The study examined whether the productivity and persistence of mixed pastures were improved if species were spatially separated rather than being sown together in each drill row. Results of the present study were highly site-specific, or season-dependent, but subterranean clover regeneration was consistently improved where it was spatially separated from lucerne. There were fewer consistent benefits of alternative spatial configurations on swards containing phalaris with subterranean clover or with lucerne.

Published online 17 May 2017

CP16411Changes in allele frequencies of avirulence genes in the blackleg fungus, Leptosphaeria maculans, over two decades in Australia

Angela P. Van de Wouw, Barbara J. Howlett and Alexander Idnurm
 

Avirulence allele frequencies change in response to selection pressure from sowing of cultivars with the corresponding major gene resistance. Analysis of 2091 isolates collected over the past 20 years shows how allele frequencies have changed in Australia in response to cultivar use and which major resistance genes are at risk of being overcome in the field.

Published online 15 May 2017

CP16422Assessing and overcoming genetic trade-offs in breeding grazing-tolerant lucerne

L. Pecetti and P. Annicchiarico
 

Cold-season dormancy and prostrate habit may challenge the selection of grazing-tolerant lucerne (Medicago sativa L.) for mild-winter environments. The genetic variation and genetically based trade-offs for key traits (grazing tolerance, dormancy, plant morphology) and their implications for selection were assessed in different genetic backgrounds. The selection for grazing-tolerant germplasm can rely on large genetic variation, but it requires extensive genotype evaluation to produce material with acceptable dormancy and growth habit.

Published online 06 May 2017

CP16375Grazing management of dairy pastures based on tall fescue in southern Australia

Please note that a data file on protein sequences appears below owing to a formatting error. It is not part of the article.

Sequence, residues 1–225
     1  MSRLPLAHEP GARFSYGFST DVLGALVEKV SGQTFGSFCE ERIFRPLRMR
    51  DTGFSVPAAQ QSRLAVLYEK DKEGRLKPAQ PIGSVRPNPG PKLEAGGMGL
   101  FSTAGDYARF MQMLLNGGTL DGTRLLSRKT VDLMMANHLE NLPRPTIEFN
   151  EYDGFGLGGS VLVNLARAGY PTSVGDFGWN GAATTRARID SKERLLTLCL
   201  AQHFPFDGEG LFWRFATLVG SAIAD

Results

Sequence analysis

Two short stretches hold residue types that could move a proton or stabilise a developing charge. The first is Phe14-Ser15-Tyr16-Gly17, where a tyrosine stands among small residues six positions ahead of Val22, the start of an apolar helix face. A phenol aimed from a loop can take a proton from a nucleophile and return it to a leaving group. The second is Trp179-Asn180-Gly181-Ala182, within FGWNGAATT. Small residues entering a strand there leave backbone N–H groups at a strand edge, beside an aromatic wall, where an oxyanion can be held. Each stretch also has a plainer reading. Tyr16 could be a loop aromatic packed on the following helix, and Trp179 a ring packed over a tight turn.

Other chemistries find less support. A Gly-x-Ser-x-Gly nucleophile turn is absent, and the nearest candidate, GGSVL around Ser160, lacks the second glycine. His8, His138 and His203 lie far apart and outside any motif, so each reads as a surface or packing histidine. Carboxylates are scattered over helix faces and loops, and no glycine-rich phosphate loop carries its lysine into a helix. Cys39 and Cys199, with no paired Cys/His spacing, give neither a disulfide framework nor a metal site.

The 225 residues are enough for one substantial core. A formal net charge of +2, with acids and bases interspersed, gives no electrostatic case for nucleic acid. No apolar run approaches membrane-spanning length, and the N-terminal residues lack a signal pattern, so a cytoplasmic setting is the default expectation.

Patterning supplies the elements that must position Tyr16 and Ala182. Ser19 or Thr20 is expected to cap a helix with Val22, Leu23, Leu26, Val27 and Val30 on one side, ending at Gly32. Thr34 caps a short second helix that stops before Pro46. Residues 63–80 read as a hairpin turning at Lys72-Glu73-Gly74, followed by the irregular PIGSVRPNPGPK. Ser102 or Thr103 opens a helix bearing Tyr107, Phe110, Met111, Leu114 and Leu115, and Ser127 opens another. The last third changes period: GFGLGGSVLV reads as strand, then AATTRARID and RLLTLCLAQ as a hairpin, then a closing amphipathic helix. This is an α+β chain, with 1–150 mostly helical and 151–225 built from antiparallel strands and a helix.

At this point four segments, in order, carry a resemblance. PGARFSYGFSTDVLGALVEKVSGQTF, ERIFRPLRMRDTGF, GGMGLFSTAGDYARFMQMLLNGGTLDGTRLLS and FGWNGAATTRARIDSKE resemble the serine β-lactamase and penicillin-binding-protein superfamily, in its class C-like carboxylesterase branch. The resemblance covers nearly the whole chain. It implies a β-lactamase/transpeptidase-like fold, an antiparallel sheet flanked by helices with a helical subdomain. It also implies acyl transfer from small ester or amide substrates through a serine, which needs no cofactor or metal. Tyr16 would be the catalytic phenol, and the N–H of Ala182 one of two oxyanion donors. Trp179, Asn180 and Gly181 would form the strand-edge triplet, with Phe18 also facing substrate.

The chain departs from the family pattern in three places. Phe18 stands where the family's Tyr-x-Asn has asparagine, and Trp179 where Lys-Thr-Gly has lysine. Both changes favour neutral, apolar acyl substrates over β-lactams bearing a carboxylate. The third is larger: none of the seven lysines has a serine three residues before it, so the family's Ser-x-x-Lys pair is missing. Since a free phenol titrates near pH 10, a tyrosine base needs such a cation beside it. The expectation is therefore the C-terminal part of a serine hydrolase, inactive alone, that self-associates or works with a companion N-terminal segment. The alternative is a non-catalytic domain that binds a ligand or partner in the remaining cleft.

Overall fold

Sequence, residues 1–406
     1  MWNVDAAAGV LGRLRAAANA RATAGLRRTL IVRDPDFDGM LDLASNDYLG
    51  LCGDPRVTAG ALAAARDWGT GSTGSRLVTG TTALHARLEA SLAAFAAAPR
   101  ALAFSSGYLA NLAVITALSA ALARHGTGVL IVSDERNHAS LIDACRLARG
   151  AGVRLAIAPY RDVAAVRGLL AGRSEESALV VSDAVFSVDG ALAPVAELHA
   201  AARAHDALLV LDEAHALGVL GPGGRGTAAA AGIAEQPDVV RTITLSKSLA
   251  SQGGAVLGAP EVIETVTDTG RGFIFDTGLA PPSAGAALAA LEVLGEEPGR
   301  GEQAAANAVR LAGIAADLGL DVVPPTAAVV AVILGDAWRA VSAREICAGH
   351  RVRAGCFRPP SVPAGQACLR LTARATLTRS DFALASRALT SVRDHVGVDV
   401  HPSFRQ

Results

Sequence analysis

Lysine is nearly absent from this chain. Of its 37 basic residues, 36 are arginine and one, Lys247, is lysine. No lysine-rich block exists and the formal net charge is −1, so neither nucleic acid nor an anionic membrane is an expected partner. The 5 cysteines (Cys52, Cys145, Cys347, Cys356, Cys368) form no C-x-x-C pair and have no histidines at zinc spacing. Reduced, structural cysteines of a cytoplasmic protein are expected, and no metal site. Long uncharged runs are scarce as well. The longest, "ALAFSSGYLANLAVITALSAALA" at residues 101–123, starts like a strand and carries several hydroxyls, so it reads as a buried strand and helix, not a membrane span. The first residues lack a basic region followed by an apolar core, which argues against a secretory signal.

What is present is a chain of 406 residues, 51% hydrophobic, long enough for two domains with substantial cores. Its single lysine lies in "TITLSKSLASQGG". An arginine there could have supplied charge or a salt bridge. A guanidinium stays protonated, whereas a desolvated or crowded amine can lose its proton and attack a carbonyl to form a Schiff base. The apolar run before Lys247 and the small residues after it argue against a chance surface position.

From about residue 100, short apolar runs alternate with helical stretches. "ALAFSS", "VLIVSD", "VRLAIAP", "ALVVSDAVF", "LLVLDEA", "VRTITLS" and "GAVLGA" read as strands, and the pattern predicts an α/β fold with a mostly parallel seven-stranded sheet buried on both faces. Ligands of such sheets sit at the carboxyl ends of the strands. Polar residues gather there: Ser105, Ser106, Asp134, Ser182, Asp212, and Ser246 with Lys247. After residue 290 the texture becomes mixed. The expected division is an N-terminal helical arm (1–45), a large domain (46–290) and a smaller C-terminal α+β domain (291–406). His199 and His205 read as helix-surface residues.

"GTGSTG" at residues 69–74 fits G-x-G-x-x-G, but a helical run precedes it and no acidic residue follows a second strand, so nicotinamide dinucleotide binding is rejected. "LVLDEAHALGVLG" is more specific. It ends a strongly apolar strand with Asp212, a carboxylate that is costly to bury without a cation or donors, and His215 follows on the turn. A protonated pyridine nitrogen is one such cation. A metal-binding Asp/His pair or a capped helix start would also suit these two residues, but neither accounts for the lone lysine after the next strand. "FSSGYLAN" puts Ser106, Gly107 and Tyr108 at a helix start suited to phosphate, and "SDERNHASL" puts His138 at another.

A. R. Lawson, K. B. Kelly and M. E. Rogers
 

Six grazing-management treatments were applied for 3 years to a tall fescue–white clover pasture in northern Victoria.A grazing regime based up the 3-leaf stage resulted in 30% higher dry matter removal, higher tall fescue content and greater plant persistence compared to the most frequently grazed treatments.The practicality of this approach to grazing tall fescue needs to be tested at the whole-farm level.

Published online 26 April 2017

CP16404Changes in farming practices impact on spore release patterns of the blackleg pathogen, Leptosphaeria maculans

J. McCredden, R. B. Cowley, S. J. Marcroft and A. P. Van de Wouw
 

Changes in farming practices such as inter-row sowing, has impacts on stubble retention such that some stubble remains standing at the start of the following season. Spore release patterns for the blackleg fungus, Leptosphaeria maculans, are delayed as well as reduced in standing stubble compared to laying down stubble. These changes in spore release patterns has the potential to impact of disease epidemiology.

Published online 26 April 2017

CP16445Host–pathogen interactions in relation to management of light leaf spot disease (caused by Pyrenopeziza brassicae) on Brassica species

Chinthani S. Karandeni Dewage, Coretta A. Klöppel, Henrik U. Stotz and Bruce D. L. Fitt
 

Light leaf spot (caused by Pyrenopeziza brassicae) is an increasingly damaging disease of oilseed rape (Brassica napus) and vegetable brassicas. This paper reviews the disease epidemiology, pathogen population structure and host range, and disease management strategies. Use of new genomic information to improve understanding of the molecular interactions between B. napus and P. brassicae and of the pathogen population structure is discussed.

Published online 13 April 2017

CP16383Use of sensor-determined behaviours to develop algorithms for pasture intake by individual grazing cattle

P. L. Greenwood, D. R. Paull, J. McNally, T. Kalinowski, D. Ebert, B. Little, D. V. Smith, A. Rahman, P. Valencia, A. B. Ingham and G. J. Bishop-Hurley
 

Practical and reliable measurement of individual pasture intake will improve precision in livestock and pasture management, provide input data for prediction and simulation models, and allow animals to be ranked on grazing efficiency for genetic improvement. We used sensors to determine pasture intake of individual grazing cattle. Grazing behaviour classified using data from collar-mounted sensors, and benchmark pasture-intake data, allowed establishment of initial pasture-intake algorithms for use with sensors.